What many of us in the business of pontificating professionally are missing is that this phenomenon is not just a condition of a particular industry or socioeconomic class, nor is it purely the result of Republican intransigence or millennial idealism and pickiness. It’s part of an economic race-to-the-bottom that’s been happening globally for decades (and a tendency to exploit that’s existed for far longer) – it’s merely been exacerbated to the point of significant comment in the United States by the recession.

There are fixes to the difficulties that our massive contingent labor force causes on living conditions, although many are politically unfeasible at the federal level: an increased minimum wage, a stronger and more expansive social safety-net, even a Universal Basic Income.

But these fixes fail to solve the trend of devaluing labor and increasingly exploitative work environments that the contingent workforce is a prime example of. The only way to break that cycle is through increased public pressure and media coverage of this exploitation, and by organizing and agitating at all political levels – by workplace, by region, at the state level and nationally – for clearer paths to secure employment, and at a minimum, a livable wage.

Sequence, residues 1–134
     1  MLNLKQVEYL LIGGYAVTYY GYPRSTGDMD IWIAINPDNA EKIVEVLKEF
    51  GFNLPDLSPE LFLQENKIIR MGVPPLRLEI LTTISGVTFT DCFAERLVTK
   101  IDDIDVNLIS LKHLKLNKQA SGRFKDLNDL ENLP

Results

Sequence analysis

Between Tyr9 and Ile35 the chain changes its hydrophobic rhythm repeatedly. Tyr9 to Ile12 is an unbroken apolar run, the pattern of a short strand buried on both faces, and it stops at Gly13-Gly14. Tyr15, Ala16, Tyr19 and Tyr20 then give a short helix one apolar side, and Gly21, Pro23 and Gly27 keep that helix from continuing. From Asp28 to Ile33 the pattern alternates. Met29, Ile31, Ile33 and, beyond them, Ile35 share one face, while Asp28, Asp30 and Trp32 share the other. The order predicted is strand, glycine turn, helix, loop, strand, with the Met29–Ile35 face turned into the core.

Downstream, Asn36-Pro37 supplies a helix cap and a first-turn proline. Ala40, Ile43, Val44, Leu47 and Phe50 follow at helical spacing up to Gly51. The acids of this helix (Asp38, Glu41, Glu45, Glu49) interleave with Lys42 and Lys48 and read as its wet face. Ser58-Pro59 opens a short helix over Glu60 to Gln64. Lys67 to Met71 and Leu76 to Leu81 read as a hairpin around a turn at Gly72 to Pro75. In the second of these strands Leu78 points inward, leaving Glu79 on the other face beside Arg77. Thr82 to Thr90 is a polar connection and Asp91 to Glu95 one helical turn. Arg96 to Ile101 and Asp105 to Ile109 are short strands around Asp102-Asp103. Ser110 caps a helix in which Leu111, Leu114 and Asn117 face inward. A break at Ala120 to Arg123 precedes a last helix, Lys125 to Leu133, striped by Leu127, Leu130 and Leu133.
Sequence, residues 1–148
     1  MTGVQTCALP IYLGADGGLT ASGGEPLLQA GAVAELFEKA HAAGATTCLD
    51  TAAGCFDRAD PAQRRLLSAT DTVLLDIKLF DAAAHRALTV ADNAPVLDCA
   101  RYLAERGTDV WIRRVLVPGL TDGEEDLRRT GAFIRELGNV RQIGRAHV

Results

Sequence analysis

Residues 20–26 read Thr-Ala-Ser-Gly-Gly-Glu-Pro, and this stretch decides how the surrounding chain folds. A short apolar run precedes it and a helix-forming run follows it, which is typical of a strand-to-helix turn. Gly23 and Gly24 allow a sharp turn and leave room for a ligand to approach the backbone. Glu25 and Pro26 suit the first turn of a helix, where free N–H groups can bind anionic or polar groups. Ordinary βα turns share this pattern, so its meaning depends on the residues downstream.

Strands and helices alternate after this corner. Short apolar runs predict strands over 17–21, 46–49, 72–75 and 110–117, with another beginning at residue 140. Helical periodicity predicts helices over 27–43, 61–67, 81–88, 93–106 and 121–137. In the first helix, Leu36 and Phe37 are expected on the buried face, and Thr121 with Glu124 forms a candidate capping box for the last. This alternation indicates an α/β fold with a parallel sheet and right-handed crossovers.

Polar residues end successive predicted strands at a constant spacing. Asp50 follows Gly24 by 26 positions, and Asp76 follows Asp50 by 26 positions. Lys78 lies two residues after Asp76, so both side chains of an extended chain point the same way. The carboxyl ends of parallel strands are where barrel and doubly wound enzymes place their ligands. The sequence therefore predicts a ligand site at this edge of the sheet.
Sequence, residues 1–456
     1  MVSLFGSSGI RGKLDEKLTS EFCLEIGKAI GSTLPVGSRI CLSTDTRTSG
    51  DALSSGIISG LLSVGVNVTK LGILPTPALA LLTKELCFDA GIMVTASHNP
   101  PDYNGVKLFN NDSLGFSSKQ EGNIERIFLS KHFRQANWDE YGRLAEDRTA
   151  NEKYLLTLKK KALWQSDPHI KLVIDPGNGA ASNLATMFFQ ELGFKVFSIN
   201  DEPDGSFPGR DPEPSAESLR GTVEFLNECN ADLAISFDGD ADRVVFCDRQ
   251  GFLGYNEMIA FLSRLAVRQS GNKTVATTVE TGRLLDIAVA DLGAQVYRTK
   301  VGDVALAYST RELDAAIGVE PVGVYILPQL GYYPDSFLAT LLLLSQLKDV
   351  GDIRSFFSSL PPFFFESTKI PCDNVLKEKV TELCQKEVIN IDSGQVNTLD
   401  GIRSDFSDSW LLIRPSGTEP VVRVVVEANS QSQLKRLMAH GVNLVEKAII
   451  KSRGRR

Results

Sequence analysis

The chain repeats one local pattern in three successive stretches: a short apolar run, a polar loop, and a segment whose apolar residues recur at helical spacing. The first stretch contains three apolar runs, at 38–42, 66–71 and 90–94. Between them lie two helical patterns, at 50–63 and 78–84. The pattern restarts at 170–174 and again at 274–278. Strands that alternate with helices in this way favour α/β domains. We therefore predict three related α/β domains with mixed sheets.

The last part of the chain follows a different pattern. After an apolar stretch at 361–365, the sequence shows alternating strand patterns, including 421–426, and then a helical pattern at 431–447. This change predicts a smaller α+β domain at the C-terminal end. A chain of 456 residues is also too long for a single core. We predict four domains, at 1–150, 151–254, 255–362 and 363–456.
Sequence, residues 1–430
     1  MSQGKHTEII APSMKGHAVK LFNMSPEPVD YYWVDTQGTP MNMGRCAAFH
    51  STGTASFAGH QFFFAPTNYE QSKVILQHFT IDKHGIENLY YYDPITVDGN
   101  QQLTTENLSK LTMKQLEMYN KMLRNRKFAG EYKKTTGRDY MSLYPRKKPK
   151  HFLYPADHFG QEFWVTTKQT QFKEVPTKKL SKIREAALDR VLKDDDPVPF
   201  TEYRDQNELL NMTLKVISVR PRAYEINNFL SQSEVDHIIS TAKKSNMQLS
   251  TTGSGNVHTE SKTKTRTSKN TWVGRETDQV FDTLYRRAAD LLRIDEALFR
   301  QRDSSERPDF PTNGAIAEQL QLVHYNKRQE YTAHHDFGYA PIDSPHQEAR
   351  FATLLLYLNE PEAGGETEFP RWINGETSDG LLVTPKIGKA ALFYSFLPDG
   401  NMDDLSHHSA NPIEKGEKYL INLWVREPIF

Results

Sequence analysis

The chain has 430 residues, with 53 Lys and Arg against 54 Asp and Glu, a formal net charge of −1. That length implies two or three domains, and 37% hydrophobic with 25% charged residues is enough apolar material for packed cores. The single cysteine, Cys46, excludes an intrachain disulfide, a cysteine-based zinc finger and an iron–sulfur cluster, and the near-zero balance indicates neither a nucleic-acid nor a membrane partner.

It also requires fighting against the idea that “permatemps” and interns are solely responsible for their own lot – at the personal level, and at the level of public debate. Until that idea is quashed, workers will continue blaming themselves, and each other, instead of the economic status quo.

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Andy Fitzgerald

Andy Fitzgerald is a writer and editor living in Brooklyn. His work has appeared in The Guardian and The Christian Science Monitor.

Catch up with me @AndyAFitz.





April 14, 2014